Spread bets and CFDs are complex instruments and come with a high risk of losing money rapidly due to leverage. 71% of retail investor accounts lose money when trading spread bets and CFDs with this provider. You should consider whether you understand how spread bets and CFDs work, and whether you can afford to take the high risk of losing your money.
Spread bets and CFDs are complex instruments and come with a high risk of losing money rapidly due to leverage.

London Interbank Offered Rate (LIBOR) definition

What is the London Interbank Offered Rate (LIBOR)?

The London Interbank Offered Rate (LIBOR) was the interest rate benchmark used to calculate the average rate at which banks would offer a short-term loan to each other. LIBOR is currently being phased out of the international monetary system, and it will be replaced by a number of different rates for different global locations.

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However, this won’t fully happen until 2021, so it is still an important term to understand. During the height of its use, LIBOR was used as a measure of the health of the entire global financial system – as a higher interbank borrowing cost implies low confidence in a bank’s ability to repay the loan.

The LIBOR rate is calculated daily, by surveying different banks around the world and averaging the findings to set the day-to-day interbank borrowing rate.

A brief history of LIBOR

LIBOR was created as a uniform measure of interest rates across different banks. It became necessary during the rapid expansion of the interest rate market in the 1980s.

The British Bankers’ Association (BBA) set up BBA settlement rates for interest levels in 1984, before these were developed into the BBA LIBOR in 1986.

LIBOR was used for many years and was the benchmark interbank lending rate. However, this all changed when LIBOR was the subject of a scandal in which it was revealed that banks had been falsely increasing or decreasing their interest rates to affect the average. This was an attempt to profit from trades, as well as to give the impression that a bank appeared more creditworthy than it was.

Investigators found that LIBOR had been the subject of unfair manipulation since at least 1991. The uncovering of the scandal was the reason that the BBA handed over responsibility for maintaining the rate to the ICE in February 2014, at which point BBA LIBOR changed to Intercontinental Exchange (ICE) LIBOR.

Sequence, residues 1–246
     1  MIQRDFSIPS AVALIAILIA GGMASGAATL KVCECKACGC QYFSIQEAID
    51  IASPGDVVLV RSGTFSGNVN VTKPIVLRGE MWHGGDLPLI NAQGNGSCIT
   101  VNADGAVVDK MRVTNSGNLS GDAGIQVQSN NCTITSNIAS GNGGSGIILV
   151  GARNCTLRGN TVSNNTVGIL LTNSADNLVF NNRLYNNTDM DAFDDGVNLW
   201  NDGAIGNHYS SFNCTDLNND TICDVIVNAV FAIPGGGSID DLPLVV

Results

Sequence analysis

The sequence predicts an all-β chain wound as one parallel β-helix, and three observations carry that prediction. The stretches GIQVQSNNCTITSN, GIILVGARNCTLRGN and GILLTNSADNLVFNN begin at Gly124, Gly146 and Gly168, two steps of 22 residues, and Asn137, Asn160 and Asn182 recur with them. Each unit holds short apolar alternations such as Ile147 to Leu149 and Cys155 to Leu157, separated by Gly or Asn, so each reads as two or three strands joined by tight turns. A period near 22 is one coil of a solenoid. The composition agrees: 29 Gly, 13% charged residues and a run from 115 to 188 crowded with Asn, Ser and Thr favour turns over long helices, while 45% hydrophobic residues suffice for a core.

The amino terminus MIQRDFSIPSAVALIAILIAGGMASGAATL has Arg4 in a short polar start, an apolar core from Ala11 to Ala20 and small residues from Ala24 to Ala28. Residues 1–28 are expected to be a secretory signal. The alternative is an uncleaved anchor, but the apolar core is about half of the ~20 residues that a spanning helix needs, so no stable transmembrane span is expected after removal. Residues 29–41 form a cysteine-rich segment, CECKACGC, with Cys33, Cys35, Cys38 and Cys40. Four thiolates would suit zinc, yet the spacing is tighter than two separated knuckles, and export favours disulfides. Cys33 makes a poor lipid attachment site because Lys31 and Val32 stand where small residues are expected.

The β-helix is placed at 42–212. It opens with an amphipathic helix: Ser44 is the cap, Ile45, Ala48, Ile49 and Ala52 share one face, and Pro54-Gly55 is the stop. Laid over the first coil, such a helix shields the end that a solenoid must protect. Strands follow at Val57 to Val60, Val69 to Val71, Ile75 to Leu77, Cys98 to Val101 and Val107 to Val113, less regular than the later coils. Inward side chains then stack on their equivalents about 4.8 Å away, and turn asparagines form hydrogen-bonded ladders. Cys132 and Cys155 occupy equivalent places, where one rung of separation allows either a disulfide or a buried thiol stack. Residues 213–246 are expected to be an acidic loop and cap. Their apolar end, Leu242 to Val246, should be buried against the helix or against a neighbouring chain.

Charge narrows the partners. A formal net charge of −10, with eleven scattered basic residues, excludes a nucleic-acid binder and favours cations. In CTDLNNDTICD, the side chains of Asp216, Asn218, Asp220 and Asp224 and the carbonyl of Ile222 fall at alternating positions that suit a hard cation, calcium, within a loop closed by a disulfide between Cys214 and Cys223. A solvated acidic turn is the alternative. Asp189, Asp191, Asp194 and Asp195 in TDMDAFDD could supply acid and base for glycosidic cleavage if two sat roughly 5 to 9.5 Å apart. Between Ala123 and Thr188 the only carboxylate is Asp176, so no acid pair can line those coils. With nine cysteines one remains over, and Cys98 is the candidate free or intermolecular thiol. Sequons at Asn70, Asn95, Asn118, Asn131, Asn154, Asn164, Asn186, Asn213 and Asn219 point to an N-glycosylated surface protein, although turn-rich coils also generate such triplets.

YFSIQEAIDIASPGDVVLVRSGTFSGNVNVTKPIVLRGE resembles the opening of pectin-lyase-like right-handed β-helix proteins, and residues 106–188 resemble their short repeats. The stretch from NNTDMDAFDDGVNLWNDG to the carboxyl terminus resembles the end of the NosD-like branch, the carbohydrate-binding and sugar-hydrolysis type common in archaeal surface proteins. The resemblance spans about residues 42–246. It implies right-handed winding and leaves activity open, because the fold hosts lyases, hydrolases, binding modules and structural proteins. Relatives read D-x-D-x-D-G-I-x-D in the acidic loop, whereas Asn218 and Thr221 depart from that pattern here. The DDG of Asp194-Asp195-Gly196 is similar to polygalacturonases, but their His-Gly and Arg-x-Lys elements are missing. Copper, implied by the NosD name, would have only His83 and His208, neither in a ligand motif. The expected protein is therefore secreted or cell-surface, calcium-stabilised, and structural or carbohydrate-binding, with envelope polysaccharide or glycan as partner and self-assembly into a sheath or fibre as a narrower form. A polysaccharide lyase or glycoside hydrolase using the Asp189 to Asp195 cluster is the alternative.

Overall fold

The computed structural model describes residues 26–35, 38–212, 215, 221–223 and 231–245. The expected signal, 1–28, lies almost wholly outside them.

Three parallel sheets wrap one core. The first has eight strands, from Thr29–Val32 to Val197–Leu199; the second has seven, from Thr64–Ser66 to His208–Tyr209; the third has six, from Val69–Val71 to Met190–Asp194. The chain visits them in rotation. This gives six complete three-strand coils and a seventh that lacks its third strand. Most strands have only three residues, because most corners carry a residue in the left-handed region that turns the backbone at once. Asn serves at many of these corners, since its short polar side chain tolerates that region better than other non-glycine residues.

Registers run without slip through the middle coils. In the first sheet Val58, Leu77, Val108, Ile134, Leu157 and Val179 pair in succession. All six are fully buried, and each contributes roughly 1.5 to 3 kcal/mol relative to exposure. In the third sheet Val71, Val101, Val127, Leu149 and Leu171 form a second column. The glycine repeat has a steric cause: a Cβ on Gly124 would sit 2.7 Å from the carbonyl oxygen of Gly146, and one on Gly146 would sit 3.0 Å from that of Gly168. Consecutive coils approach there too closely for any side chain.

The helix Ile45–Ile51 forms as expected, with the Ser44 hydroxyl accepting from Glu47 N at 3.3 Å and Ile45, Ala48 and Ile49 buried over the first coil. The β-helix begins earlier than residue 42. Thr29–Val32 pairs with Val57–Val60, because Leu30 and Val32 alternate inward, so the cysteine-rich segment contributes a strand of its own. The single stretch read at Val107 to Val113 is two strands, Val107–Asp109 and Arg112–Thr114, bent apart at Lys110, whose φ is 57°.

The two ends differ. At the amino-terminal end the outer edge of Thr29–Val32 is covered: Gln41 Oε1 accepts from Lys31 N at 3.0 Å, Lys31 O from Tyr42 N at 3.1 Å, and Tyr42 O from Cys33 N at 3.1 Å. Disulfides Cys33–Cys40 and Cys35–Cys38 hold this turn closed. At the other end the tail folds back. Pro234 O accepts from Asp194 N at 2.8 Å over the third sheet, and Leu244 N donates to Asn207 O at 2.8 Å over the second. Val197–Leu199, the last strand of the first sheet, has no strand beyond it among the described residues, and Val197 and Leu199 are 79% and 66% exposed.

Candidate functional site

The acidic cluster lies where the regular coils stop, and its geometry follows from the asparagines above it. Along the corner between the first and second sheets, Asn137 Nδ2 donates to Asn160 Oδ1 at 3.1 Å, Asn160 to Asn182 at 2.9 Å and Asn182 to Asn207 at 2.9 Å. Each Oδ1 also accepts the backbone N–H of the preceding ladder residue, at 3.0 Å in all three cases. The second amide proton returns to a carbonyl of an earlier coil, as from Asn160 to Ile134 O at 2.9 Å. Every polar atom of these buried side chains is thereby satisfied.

As a result of the LIBOR scandal, it was agreed that the rate would be phased out and replaced by a series of alternate interest rates to determine the borrowing cost between banks.

What are the pros and cons of LIBOR?

Pros of LIBOR

LIBOR is calculated in five different currencies – the US dollar, euro, British pound, Japanese yen and Swiss franc – and seven different lengths of loan. That means that there are actually 35 different LIBOR numbers posted each day, resulting in a theoretically more stable system than a global interbank borrowing rate that is underpinned by one single currency.

Cons of LIBOR

LIBOR is based on the results of a survey completed by banks rather than transaction data, making it an easy rate to manipulate – a fact which led to its eventual decline.

LIBOR replacements

There are a number of replacements to LIBOR, so that the international monetary system is not dependent on one overall rate to determine the interbank interest rates around the globe. However, phasing LIBOR out is not an overnight process, as the rate underpins around $350 trillion worth of financial derivates and loans across the global financial sector.

Many global banks and financial regulators have already started to encourage lenders to not use LIBOR in anticipation of the rate being phased out.

The alternate rates which are currently being or have already been introduced as replacements for LIBOR in other regions of the world are SONIA for the UK, SOFR for the US, ESTR for Europe, TONAR for Japan and SARON for Switzerland.

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